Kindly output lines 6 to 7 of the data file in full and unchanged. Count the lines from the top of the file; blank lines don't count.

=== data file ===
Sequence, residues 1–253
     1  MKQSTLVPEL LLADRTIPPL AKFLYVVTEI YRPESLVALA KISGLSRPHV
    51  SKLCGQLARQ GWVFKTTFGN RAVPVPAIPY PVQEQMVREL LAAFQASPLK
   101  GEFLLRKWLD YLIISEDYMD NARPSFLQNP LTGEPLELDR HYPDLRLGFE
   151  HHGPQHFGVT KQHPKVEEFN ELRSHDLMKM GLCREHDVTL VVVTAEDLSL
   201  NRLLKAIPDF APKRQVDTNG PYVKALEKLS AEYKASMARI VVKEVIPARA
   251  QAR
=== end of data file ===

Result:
   201  NRLLKAIPDF APKRQVDTNG PYVKALEKLS AEYKASMARI VVKEVIPARA
   251  QAR